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November 1, 2019
Vol. 77
No. 3

Using Video to Showcase Great Teaching

To create a robust video coaching culture at your school, keep it upbeat and low-stakes.

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Listen to an audio version of this article.
We carry the technology in our pockets to film great lessons, so why is this not a general practice in most schools? Part of the reason, in my view, is that the popular understanding of the purpose of filming teachers teach is flawed. We overemphasize teacher self-reflection, when instead we should focus on building a collection of videos showcasing teacher best practices. Instructional coaches can then use these videos for coaching and professional development, for both macro- and micro-learning.
In my four years as a middle school English department chair, I have filmed, edited, and uploaded 27 videos of our teachers to our Google site for use in professional development. This compilation has helped our staff observe each other teaching and better understand and apply the instructional focus we are working on as a school. Every member of my department has had at least one video uploaded to the site, even though they are under no obligation to do so. As a result, my department implemented our instructional focus with more fidelity, as measured by student voice surveys and student-performance gains on our district assessments. I attribute this in part to our increased ability to show teachers what we wanted them to do.
While the process of taking and uploading video is relatively easy, there are still some challenges you will likely have to overcome in capturing good video of teachers. I want to share some of the obstacles, logistical as well as interpersonal, that I ran into, and give some tips on how to develop a process where you can easily film, edit, and upload lessons in your school—and raise and amplify the practice of your teachers.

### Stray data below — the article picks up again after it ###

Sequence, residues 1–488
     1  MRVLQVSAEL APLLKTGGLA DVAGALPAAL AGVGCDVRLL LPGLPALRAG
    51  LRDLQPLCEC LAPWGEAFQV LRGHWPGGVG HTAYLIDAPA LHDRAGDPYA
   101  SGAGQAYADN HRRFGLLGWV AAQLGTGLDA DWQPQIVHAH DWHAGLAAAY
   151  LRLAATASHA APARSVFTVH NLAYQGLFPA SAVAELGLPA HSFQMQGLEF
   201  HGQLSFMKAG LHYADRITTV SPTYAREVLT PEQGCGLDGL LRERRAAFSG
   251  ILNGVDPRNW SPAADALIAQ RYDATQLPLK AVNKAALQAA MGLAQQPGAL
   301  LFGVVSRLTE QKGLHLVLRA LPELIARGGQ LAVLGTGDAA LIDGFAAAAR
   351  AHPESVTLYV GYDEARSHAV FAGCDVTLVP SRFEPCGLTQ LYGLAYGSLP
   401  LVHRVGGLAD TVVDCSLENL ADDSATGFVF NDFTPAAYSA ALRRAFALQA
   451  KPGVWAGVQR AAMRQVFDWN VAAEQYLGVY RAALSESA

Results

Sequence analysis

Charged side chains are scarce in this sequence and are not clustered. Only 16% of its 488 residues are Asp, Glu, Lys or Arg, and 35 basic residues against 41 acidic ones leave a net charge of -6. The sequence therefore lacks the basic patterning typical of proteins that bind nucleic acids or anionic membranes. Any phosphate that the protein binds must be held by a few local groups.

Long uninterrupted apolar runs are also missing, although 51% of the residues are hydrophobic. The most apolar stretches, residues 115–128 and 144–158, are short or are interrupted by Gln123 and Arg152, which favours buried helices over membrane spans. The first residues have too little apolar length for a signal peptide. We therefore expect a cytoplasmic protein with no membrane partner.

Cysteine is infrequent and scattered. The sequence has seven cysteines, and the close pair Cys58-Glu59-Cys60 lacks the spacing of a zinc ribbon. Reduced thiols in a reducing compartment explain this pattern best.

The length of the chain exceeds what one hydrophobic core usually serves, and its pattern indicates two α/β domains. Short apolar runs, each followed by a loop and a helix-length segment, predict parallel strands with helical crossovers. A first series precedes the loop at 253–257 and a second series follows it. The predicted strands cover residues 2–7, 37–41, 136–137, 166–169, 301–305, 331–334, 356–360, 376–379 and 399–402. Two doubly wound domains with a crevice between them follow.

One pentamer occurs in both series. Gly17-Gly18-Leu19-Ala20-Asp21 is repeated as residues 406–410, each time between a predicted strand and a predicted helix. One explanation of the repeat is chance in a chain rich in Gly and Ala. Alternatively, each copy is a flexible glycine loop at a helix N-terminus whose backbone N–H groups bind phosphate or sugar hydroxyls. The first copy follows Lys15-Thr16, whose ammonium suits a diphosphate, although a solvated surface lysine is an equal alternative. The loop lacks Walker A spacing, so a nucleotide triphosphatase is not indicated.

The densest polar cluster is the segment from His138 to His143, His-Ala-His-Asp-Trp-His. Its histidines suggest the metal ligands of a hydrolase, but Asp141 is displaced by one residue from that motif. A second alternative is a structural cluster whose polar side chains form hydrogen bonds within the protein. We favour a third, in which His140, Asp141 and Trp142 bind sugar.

Don't Ask for Volunteers

I have learned that teachers will never ever ask to be filmed. They will, however, agree to have a great lesson be recorded. Approach your first teacher by saying something like, "That was such a great lesson! You are so skilled in facilitating student discourse. I would love to come in and film you doing this."
I have never had a teacher say no to this request, although I know they would never approach me about filming them. It may be that to volunteer for such a thing feels arrogant or vain. It may be that teachers are busy and they just never think (or have time) to let us know when they will be teaching an interesting lesson. Whatever the reason, it is clear to me that if you want to film a teacher, you need to go to them.

Don't Make Videos About Self-Reflection

This may sound counterintuitive, but don't approach video coaching primarily as an opportunity for the teacher's self-reflection and improvement. Filming specifically to look at what works and does not work in a lesson is time-consuming and will discourage many teachers from participating.
Instead, focus the process on showcasing best practices. If we build a culture of filming at our schools, then teachers will become used to seeing their own lessons, and they will begin to critique themselves naturally. In other words, the teacher's experience of being filmed and seeing herself teaching will be an opportunity for reflection in itself, even if that wasn't the stated or only intention.

Perfect Your Filming Technique